Schaffnit also notes that the Financial Conduct Authority Sandbox in the UK, which launched in 2016, allows businesses to test new ideas without all the normal regulatory consequences: for example, facilitating blockchain trials in a government-supported ecosystem that nurtures innovation.
Participants in the first sandbox round included HSBC and Lloyd’s Banking Group, as well as multiple blockchain companies such as Luno (formerly BitX), a cross-border money transfer service powered by digital currencies and blockchain technology. Also making the cut was Nextday Property, a nascent startup that provides interest-free internet loans for a guaranteed amount to customers who can’t sell their property within 90 days.
Berlin and Geneva: Europe’s upwardly mobile
Germany is jumping to be the “not London,” with Berlin now one of the hottest tech centers in Europe, if not the hottest, Schaffnit says. And as a very sexy place to live, Berlin attracts young tech talent.
Switzerland, a traditional stronghold of banking technology and secrecy, has also seen a leap in blockchain and cryptocurrency, in spirit of the nation that’s home to the famously anonymous Swiss bank account. The action centers on Geneva, which hosts FinTech FUSION, a prestigious assembly of 10 global fintech startups handpicked for a 12-month accelerator program.
“There has been an active regulatory scene to create and support innovation for blockchain and fintech in general,” in Switzerland, says Aaron Schwartz, head of fintech research at DeNovo, PwC’s proprietary fintech intelligence platform. He points to a 2016 proposal that made it easier for blockchain startups to hold assets without being classified as a bank, and hence having to negotiate the associated regulatory restrictions.
Singapore: Asia’s tiny tiger
In Asia, the talk has often been of Shanghai’s ascendance. But China’s lack of transparency, closed market and the uncertain political climate make fintechs leery of going there, Schwartz said. But Singapore’s regulatory body and central bank, the Monetary Authority of Singapore, has thrown its support behind both fintech and RegTech. The interesting juxtaposition with the latter is that the relaxed regulatory stance of MAS is helping develop technology that lightens the burden of regulatory requirements.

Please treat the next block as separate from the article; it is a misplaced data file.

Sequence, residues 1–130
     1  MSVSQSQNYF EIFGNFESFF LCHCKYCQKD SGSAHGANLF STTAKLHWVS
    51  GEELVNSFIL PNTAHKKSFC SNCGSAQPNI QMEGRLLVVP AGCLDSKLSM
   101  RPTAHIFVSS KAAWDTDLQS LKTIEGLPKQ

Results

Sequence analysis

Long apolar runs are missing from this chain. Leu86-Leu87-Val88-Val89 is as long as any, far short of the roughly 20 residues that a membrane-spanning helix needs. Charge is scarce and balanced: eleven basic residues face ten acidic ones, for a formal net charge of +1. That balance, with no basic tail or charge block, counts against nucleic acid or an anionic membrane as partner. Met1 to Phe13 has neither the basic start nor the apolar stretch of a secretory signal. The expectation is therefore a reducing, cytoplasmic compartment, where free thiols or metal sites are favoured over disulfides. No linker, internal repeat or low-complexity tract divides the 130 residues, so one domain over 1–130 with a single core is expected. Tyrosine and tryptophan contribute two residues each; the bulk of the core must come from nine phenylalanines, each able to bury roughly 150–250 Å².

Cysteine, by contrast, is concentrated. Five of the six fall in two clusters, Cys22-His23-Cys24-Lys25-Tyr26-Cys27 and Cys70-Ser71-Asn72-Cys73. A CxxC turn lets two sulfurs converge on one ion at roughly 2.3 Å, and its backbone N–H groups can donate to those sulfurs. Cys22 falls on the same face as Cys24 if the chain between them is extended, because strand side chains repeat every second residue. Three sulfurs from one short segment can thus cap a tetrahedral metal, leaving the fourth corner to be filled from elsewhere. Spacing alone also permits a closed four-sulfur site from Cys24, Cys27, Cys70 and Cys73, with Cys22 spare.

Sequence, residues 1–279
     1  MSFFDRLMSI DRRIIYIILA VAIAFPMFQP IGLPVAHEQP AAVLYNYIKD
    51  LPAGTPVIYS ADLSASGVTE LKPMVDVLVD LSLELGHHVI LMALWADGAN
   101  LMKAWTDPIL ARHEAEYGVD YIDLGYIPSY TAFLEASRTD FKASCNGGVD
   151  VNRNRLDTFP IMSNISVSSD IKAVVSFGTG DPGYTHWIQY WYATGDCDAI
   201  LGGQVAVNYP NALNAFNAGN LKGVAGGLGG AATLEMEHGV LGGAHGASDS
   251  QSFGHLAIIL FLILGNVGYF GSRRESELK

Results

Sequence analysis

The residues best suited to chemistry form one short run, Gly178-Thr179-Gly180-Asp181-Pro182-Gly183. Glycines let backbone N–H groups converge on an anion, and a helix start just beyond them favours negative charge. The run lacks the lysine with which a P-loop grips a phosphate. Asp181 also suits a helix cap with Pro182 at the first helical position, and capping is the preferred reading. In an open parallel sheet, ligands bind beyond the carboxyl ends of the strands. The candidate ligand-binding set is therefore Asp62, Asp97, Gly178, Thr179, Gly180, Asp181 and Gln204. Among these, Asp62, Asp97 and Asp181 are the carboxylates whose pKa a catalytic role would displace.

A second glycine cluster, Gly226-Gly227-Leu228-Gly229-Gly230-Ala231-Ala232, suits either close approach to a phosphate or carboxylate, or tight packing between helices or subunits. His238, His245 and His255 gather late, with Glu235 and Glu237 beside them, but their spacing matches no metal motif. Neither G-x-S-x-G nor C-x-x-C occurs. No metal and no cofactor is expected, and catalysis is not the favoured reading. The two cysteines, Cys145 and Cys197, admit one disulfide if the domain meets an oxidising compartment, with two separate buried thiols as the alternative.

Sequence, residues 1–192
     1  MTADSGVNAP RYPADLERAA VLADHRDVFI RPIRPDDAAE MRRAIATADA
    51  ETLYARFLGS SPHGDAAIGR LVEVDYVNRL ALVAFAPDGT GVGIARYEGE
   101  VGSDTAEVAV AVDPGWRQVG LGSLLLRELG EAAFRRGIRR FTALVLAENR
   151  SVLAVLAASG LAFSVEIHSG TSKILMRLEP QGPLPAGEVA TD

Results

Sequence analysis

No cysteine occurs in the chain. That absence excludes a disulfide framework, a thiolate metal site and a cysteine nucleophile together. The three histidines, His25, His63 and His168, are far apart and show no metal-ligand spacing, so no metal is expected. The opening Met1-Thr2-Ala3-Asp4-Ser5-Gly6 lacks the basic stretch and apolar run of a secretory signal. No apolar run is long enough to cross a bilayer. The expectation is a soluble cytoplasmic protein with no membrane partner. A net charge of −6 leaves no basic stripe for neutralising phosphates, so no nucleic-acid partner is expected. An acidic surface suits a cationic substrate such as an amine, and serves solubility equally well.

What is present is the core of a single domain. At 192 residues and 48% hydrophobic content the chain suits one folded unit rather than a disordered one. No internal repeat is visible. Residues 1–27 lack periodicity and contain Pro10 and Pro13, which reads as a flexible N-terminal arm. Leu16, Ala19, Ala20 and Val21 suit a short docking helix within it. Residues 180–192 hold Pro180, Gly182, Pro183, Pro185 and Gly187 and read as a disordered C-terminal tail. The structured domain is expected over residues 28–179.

All of this is making this city-state of just 5.8 million people a fintech force to reckon with.
Schwartz says that Singapore is turning RegTech from a reactive, backward-looking function (“the principal tells you that you have to stay after school”) to a proactive one ingrained in the business. It uses cognitive computing, for example, to monitor and detect suspicious trading as a form of employee surveillance.
“RegTech is an area where you have to have regulators embrace the technology to move it forward,” he said, and having the MAS act as a champion has helped Singapore emerge as a leader.
Singapore has also created its own sandbox geared towards keeping fintech business at home. The overarching goal is to create an ecosystem where banks, fintechs and regulators can work together.
India: Mumbai, Bangalore, and the ‘India Stack’
Arora also pointed to the boom in India, which features two strong fintech scenes: Mumbai as the financial hub and Bangalore as the tech hub. Here, demonetization in 2016 pushed digital adoption on the payment, lending and data fronts.
Mobile wallet players such as Paytm won big as digital payments profited from the “India Stack”—a set of application programming interfaces (APIs) that allow government, businesses, startups and developers to use a digital infrastructure that has moved the nation “towards presence-less, paperless, and cashless service delivery,” as the IndiaStack website says. Individuals are assigned unique identification numbers to make digital transactions quick and secure, let the unbanked join the monetary system, and transform business and government delivery of services and goods.
Yet India has some growing up to do. Its infrastructure is still weak, Arora notes. India’s connectivity is still rising to meet world standards and its integration into world markets lags behind global centers such as London and New York.
Jeanne Pinderis the founder of ClearHealthCosts.com, an award-winning startup bringing transparency to the health care marketplace. She was an editor, reporter and human resources executive at The New York Times for close to 25 years, and has also worked at the Des Moines Register, Associated Press and Grinnell Herald-Register.